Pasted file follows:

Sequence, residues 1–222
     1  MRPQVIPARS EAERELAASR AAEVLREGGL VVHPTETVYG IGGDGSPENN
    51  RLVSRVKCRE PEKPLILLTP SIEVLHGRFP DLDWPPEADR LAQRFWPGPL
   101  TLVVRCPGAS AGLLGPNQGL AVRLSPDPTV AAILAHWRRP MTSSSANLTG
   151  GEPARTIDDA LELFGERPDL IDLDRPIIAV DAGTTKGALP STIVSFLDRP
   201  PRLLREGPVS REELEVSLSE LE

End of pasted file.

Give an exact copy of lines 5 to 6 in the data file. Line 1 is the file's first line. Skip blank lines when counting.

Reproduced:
   151  GEPARTIDDA LELFGERPDL IDLDRPIIAV DAGTTKGALP STIVSFLDRP
   201  PRLLREGPVS REELEVSLSE LE